Reviewed by John R. Satterfield, DBA.
Scholars, writers, history buffs, movie producers and participants have minutely explored D-Day and the Normandy campaign. Thanks to thousands of books, articles and dramatic and documentary films, we are able to trace the activities and experiences of nearly all the troops, air and naval personnel involved in the invasion as well as their German adversaries, from initial planning to the assault itself to the campaign that unfolded after the invasion until the breakout nearly three months after June 6, 1944.
That makes Wayne Vansant’s hundred-page summary a bit unique. It is a graphic historical narrative, following the graphic novel format that gained currency in the late 1970s, with sequential illustrations and brief comments describing each art panel. Historians will deprecate the work as an adult comic book, and the description is accurate, but not completely fair. Vansant is indeed a comic book illustrator who served as the primary artist for Marvel Comics’ The ‘Nam series for five years. He is not, however, simply tossing off an expanded version of his earlier work. In fact, Normandy is the latest of several graphic military histories Vansant has completed, and more are in the works. Despite its brevity, the book clearly is well researched and organized.
Before writing this review, I decided to share the little volume with students in one of my college courses on military history. The reaction was favorable. The students were familiar with the graphic approach and had read and enjoyed graphic novels. This familiarity may create interest in Vansant’s work, a good thing since the brief summary it provides could lead young readers into much broader and more accomplished volumes on military history.
Obviously, the format is limited. Vansant encompasses the entire Normandy campaign in 103 pages. Each page contains three to six full-color illustration panels that look like the Sunday funnies, but the art is a step above simple comics. This means that much of the information in the narrative is conveyed visually. Many panels depict gory scenes, but the simple depictions are neither shockingly realistic nor disrespectfully cartoonish. The drawings reflect some care in selecting subjects that capture the eye and also convey thematic coherence. The real concern here is the captions that explain the meaning of the art and provide narrative continuity. Vansant does this with just 100 to 150 words per page, on average. That means he’s telling the Normandy story, including an introduction on the larger strategic context of the European Theater and planning for the invasion, airborne operations, amphibious landings, the German defense and subsequent stalemate on the Cotentin Peninsula through the breakout, in about 12,000 words, the length of a couple of scholarly articles. In addition, the book assumes that most of its readers know almost nothing about D-Day, so much of the narrative is explanatory as well as descriptive.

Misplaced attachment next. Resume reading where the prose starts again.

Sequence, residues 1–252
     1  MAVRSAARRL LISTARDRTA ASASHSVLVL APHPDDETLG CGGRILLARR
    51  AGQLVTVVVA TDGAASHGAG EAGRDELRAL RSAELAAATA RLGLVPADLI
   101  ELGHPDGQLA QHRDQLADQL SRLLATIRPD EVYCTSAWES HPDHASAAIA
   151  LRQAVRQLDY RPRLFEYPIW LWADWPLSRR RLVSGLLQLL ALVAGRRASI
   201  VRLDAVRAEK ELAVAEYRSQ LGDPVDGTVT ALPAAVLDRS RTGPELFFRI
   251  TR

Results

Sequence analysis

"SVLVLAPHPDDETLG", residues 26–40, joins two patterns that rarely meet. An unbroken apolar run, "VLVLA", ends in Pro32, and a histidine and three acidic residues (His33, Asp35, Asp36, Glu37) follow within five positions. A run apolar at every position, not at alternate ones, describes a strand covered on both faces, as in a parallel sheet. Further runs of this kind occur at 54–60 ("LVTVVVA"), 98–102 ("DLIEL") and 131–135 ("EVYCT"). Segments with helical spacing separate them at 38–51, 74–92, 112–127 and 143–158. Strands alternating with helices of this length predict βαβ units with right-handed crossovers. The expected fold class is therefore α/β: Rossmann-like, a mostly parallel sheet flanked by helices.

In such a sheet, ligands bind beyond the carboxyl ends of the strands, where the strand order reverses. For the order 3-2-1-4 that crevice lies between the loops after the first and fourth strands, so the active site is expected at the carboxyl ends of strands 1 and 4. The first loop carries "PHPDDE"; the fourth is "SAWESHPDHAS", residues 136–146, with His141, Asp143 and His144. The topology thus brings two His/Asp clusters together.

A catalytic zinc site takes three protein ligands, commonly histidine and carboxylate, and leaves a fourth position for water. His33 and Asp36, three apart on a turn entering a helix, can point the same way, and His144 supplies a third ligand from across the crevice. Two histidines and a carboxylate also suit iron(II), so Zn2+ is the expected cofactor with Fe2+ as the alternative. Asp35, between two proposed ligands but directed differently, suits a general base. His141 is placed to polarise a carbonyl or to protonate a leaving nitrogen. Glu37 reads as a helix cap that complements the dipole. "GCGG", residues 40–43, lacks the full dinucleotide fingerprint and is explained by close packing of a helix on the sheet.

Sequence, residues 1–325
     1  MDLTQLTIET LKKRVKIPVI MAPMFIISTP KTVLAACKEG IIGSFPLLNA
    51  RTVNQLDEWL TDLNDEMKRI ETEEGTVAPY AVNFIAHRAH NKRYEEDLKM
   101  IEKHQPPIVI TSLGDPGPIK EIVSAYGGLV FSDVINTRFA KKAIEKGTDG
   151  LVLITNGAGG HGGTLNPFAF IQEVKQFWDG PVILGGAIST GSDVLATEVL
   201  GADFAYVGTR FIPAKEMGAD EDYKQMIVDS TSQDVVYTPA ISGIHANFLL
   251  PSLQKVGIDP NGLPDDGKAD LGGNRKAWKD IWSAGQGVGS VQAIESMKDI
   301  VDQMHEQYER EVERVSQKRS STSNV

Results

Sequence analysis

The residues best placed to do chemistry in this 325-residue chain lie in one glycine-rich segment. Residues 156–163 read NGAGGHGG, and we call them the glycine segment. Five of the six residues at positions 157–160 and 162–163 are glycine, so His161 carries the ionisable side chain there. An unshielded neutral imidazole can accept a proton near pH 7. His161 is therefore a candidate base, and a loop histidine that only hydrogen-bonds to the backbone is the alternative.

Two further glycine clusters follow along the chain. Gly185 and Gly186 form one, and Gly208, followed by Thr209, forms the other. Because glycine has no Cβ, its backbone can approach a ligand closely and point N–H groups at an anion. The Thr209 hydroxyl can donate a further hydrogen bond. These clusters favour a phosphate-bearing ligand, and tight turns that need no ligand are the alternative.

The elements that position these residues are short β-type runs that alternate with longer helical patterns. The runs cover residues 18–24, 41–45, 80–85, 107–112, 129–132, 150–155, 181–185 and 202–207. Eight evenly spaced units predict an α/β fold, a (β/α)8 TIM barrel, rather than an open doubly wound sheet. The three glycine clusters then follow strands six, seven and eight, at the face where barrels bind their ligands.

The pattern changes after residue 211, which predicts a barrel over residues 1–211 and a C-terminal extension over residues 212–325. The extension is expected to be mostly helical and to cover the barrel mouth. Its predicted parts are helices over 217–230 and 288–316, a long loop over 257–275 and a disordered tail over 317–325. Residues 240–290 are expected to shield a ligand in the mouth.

Vansant makes a credible effort to overcome these problems, but he must focus on an episodic approach that gives the book an overly anecdotal flavor. He illuminates general operational discussions with brief accounts of individual or small unit sacrifice or heroism. This technique is well-used, even cliché, but Vansant tries to repair the deficiency by avoiding many of the best-known stories and emphasizing less familiar events. To his credit, Vansant also pays a good deal of attention to British and Canadian forces, often ignored in many U.S. analyses that over-celebrate American D-Day achievements.
So, the overall effect is, for a knowledgeable reader, dissatisfying. There’s nothing new here for a serious student of the invasion. And, because he must gloss over so much, the inevitable mistakes stand out. For example, Vansant notes that more than 200,000 men set foot in Europe on D-Day, although the actual headcount was actually about 156,000 in 21st Army Group, with just over 83,000 British and Canadian troops in the British 2nd Army and about 73,000 GIs in the U.S. 1st Army, including more than 15,000 in the two airborne divisions who parachuted into the campaign. In addition, nearly 196,000 naval and merchant sailors manned more than 5,000 vessels in the Allied invasion fleet. By the end of July, about six weeks after D-Day, the Allies had landed more than 1.3 million men, held in check by fewer than 400,000 German troops until the advent of Operation Cobra on July 25, 1944, and the subsequent breakout and race through France.
Still, Vansant’s book may be a good alternative for young readers not ready for serious study of military history. It could have been more useful, however, with the addition of a select bibliography that leads its readers into more complex and complete studies.
Dr. Satterfield’s latest book is Saving Big Ben: The USS Franklin and Father Joseph T. O’Callahan, Naval Institute Press, (2011).